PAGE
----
Nesrine Malik writes:
Visiting Dubai on a work trip, I was wandering the resplendent hallways of my a hotel searching for an ATM when a commotion occurred. Some of the hotel staff were scurrying about, looking obviously distressed. I asked one of them if there was any trouble and he responded with a glossy smile. There was no trouble, madam, and was there anything he could help me with?
A few hours later, I discovered that there had indeed been trouble. A man – an Indian worker – had jumped from Burj Khalifa, the tallest building in the world, and a symbol of Dubai’s prowess. It is a needle-shaped skyscraper which impales the bleak Dubai sky.
Originally known as Burj Dubai, the building was planned during the city’s orgiastic construction phase, where the sky was the limit, but completed after the bubble had burst. It was then renamed in honour of Abu Dhabi’s ruler, Sheikh Khalifa bin Zayed, who rescued Dubai from its debt crisis.
Gossip about the suicide was horrifyingly callous. “It only took 10 months” [after the opening of the hotel], one person said. “He’s inaugurated the building,” another almost laughed. “Why did he jump?” I asked. People shrugged. He’s probably an expatriate worker, I was told – it’s usually them.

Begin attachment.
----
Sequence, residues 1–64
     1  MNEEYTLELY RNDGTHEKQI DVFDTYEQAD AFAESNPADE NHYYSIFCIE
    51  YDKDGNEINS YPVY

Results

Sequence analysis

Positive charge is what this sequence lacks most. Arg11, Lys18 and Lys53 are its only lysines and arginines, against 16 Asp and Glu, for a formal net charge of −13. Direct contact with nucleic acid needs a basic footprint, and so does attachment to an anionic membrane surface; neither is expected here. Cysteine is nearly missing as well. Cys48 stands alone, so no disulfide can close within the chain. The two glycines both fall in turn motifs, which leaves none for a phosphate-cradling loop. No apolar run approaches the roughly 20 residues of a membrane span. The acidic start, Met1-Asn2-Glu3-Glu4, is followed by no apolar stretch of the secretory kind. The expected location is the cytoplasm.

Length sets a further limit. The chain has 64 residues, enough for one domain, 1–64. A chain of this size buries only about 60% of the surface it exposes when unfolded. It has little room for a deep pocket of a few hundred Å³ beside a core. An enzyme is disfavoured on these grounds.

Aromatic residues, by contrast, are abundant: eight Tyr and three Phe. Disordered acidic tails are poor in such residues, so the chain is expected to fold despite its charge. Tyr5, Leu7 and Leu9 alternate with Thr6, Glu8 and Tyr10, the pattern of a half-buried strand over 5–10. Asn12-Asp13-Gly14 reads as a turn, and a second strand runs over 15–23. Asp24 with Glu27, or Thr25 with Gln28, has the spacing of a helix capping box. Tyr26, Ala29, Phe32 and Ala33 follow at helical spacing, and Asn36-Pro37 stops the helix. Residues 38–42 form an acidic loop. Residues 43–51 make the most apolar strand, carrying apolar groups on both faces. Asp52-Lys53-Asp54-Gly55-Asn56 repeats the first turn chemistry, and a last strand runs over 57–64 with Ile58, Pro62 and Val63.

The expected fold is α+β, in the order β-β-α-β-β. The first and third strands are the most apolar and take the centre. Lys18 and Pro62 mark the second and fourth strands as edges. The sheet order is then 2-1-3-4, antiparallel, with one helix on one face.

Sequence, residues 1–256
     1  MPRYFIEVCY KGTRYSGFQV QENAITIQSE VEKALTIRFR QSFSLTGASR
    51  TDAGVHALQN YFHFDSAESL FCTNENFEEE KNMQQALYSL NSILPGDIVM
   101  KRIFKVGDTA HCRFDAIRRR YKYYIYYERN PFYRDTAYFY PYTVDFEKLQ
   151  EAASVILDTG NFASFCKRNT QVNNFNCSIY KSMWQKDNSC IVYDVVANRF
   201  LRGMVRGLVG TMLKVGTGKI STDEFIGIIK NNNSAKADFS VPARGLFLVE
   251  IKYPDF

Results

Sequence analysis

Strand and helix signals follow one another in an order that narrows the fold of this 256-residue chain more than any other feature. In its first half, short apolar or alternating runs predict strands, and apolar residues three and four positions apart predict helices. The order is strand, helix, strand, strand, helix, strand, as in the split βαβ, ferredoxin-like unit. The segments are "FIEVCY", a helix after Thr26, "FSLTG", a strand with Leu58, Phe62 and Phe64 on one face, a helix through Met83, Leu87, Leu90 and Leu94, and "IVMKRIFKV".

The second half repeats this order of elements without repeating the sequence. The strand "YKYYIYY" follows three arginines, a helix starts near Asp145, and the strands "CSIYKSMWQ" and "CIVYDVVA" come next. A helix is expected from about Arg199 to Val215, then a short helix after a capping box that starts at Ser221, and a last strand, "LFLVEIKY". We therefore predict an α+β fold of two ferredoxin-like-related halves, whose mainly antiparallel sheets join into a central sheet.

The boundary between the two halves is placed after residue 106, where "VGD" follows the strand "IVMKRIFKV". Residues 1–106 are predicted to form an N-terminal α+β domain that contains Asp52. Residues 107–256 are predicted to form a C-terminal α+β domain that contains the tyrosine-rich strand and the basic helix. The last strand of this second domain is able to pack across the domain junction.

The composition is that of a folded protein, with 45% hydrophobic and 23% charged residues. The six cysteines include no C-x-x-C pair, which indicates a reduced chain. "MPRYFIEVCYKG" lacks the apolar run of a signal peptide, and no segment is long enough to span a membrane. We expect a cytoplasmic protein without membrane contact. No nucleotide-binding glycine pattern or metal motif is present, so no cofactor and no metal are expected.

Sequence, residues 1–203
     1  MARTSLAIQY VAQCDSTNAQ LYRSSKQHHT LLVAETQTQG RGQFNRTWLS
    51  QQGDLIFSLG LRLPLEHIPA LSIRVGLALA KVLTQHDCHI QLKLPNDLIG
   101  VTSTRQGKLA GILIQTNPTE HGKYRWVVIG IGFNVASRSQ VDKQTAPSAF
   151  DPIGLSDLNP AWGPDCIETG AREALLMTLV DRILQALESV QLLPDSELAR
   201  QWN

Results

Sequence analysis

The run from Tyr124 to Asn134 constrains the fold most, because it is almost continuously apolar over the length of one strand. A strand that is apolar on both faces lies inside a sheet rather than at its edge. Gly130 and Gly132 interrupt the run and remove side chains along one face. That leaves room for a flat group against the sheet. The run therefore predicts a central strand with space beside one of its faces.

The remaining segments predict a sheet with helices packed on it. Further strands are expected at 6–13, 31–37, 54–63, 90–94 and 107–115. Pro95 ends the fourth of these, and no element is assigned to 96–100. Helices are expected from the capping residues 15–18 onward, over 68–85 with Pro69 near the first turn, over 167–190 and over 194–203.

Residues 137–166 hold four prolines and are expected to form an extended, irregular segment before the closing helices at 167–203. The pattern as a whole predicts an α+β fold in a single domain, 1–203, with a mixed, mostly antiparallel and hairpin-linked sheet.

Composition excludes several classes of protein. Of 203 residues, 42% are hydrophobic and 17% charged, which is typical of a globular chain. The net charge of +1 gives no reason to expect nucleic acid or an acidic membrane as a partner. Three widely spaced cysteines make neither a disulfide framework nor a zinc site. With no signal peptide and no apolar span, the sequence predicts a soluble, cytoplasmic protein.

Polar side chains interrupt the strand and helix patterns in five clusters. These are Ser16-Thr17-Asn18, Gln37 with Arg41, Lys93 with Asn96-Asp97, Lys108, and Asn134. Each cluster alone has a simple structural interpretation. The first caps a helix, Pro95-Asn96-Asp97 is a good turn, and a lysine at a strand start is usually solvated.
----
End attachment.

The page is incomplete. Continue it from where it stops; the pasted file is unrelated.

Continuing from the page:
There is nothing remarkable about people being desensitised to suicides. London commuters on the underground can probably understand, but when the suicides are almost exclusively from one minority working in certain jobs, it is nothing short of inhumane. The dark underbelly of Dubai is never far away and sometimes we see the effect of this uglier side lying lifeless on a pavement.
The man, apparently an Indian cleaner who had been denied a holiday, was scraped off the floor on which he landed on and life went back to normal. Tourists and expats lapped up the luxury and sunshine, while workers from south Asia, little moving dots on the facades of the buildings under construction throughout the city, were ferried in buses to and from their living quarters. A couple of days later, another Indian man jumped from Jumeirah Lake Towers.
The Indian consulate in Dubai has since revealed that at least two Indian expats commit suicide each week. The consul-general stated that most are blue-collar workers who are either semi-skilled or skilled.